padmapper.com > Show Super-Secret Advanced Features > Mass Transit Overlay: (in select cities), SpotCrime Crime Overlay: (in select cities)
Eventually I decided Wed, Mar 28, 2012 at 6:03 PM
Nevermind guys! New plan, convince either thecrucible, american steel studios, or nimby that I’m an artist and they should make an exception to “work-only” studio policy ^__^ Seriously, if they’re willing to give me space, there is zero reason why I should be going back and forth from a third space (apartment). Collapse apartment into makerspace = win.
http://www.yelp.com/biz/the-american-steel-warehouse-oaklandthe building is a buffet of larceny and even armed robbery of an artists while in his very own studio within the building.
If you are a single female, work late at night, or have anything of value in your studio you are INSANE to rent there unless you are just as dangerous as the armed addicts that scale studio walls for your possessions or install barbed wire around your space (as some have done). Unless you create giant art that two dudes can’t hump to recycling, you could be next.
Maybeee not American Steel Studios. idk
Then find a swimming pool / fitness thing close to work and go swimming every day before work, wheee! What is it, lifetime fitness? ?__?
Thus, I decided to investigate the option of…
3. accidentally fall asleep at an amenable makerspace everyday
Class: help Instance: housing Time: Fri Mar 30 06:29:20 2012 From:
So, new plan.
Any thoughts on just living in some art studio ala thecrucible (http://thecrucible.org/studio-access/studio-rental, pics at bottom),and finding some swimming pool near work for daily pre-work swims?
Possibly with my name nominally on some friends’ aptmt or something, but based on last summer half the time I’ll fall asleep at the shopanyway u.u so my rent would be a waste of money that could be going toward projects. And if I really need a break I can visit some friend in the area for a night or two.
cue extensive research into every space I can find.
The Crucible is soooo awesome. Just look at this:
The definitely not living spaces look like this:
The space inside looks like this:
and the Fire and Arts Festival / Fundraiser looks like this:
I WAS SO EXCITED. but I think they rented the the tesla coil :'(
But uh, it turns out there’s a lot of shootings there.
I eventually decided it was not an acceptable level of risk / I did not rank experiencing getting shot high on my life priorities list (mostly due slim risk yet absolutely unacceptable death/maiming outcome).
[below sections are a WIP as of 16 April 2012]
american steel studios
Bathrooms: 3 non-gendered rooms with toilets and various other random things. No guarantee that one or any of them will have toilet paper. No shower facilities (to discourage people from living here).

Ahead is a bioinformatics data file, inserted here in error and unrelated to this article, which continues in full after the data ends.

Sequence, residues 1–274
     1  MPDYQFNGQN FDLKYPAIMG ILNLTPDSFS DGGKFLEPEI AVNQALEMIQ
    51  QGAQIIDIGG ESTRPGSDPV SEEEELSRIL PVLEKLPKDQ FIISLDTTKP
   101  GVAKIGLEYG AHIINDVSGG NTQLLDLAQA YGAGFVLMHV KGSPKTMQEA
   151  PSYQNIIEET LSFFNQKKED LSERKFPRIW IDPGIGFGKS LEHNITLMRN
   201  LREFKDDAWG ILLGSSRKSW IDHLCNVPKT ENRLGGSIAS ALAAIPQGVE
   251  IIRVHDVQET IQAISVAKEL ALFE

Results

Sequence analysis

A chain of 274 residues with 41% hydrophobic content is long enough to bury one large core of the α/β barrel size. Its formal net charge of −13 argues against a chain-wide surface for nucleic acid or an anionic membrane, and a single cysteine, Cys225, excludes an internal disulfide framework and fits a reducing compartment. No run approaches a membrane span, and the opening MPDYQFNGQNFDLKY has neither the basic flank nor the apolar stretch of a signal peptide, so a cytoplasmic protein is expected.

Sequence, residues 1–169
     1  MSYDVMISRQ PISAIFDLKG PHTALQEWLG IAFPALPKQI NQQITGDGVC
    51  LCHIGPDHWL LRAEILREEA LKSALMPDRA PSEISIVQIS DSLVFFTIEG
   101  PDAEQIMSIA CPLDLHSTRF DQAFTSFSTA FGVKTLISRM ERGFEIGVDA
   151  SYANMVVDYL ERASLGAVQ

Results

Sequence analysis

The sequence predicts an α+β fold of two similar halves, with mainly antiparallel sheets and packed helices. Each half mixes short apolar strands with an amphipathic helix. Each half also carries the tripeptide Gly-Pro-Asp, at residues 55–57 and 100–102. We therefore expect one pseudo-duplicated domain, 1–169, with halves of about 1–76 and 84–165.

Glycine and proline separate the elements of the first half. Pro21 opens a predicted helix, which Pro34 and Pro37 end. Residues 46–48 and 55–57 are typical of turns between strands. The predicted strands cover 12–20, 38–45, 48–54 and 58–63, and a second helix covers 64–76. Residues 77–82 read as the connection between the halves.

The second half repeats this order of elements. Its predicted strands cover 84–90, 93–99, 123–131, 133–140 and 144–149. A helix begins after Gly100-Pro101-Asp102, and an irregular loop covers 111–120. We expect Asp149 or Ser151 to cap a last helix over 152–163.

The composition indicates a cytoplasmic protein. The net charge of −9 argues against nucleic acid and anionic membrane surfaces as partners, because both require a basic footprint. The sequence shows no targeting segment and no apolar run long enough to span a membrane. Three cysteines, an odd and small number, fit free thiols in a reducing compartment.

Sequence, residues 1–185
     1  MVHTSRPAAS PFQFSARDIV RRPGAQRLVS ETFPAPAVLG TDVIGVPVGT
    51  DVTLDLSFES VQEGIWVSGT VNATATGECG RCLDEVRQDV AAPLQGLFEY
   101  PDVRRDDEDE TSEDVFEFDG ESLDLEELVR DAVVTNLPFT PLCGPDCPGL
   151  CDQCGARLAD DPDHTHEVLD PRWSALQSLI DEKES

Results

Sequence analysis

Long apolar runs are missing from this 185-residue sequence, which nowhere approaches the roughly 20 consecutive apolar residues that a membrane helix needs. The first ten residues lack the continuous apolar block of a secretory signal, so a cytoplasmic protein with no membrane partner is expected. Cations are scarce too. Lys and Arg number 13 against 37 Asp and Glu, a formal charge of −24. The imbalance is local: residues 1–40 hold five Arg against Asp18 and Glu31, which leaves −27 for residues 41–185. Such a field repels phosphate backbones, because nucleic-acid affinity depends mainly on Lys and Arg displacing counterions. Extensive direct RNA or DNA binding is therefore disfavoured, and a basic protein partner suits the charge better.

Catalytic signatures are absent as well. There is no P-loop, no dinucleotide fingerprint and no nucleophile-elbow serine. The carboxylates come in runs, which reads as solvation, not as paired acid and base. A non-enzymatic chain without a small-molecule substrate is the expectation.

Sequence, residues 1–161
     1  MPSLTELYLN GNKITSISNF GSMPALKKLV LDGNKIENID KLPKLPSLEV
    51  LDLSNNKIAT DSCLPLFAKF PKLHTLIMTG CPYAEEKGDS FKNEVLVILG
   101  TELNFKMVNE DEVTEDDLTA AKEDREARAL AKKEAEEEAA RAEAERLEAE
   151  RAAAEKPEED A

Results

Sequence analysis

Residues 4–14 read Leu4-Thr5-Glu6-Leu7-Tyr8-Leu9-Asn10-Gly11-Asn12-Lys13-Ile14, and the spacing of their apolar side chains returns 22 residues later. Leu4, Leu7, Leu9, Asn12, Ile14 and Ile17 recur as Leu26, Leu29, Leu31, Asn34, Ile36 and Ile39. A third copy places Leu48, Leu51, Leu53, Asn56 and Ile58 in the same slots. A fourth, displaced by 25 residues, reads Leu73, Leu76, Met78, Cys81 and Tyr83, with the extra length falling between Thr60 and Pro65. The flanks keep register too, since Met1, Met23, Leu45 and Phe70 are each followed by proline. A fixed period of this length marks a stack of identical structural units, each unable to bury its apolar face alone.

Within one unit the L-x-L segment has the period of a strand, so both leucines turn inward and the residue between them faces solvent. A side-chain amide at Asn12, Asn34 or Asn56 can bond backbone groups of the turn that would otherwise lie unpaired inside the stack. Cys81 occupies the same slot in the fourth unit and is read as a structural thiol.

My studio has been broken into three times in just over a year. Every time, I get the same response: “Sorry about that, but we are not responsible, protect yourself”.
Try some of the warehouse living spaces like Langton Labs: langtonlabs.org
Waahh that would be very awesome because it would actually be legit.
However, someone emailed them for me and they do not have open spaces :'(
ace monster toys
have lasercutter, cnc mill (also see Dane’s comments above). about membership
Start giving us membership dues: standard rate is $80/month. In addition, there is the “Desk Membership”, for $250/month you can have a dedicated personal desk that will always be available for just you to use.You are now a “provisional member”, with access to the space, including an RFID key so you can work/play whenever you want. http://wiki.acemonstertoys.org/Becoming_a_Member
eee! There’s a Desk Membership… hmm… *plots*
Otherlab, allpowerlab, makanipower,instructables resemble miters
Boxshop in sf may Suit you, place for sustainable living inOakland, Peter Childs incubator in the old prototype thiswarehouse on treasure island
okay, this is getting frustrating / annoying.
4. build a mobile home
SF City won’t care about vehicle dwelling, but the metermaids will want your shack to have a license plate.
1662870/ chinese-architect-builds-egg-ho use-on-sidewalk-to-escape-insa ne-rents eeee new plan parking lot next to makerspace. and have hexapod legs under it so I can move it in case anyone complains (this house was eventually evicted by beijing police)
5. live on a yacht
- boat: $210 for 6 months captains’ share
- gym: $50 per month
- Subtotal: $260
- possibly ace monster toys desk membership: $250 per month
- Total: $1010
the crucible classes to take
glass flameworking 360
fusing and slumping 225
jewelry and metals 320
welded sculpture 355
tig welding 385
3d enameling 145
$45 for one month all-club access, $44 for one-month single-club access (to gym right next to work), $349 for one year.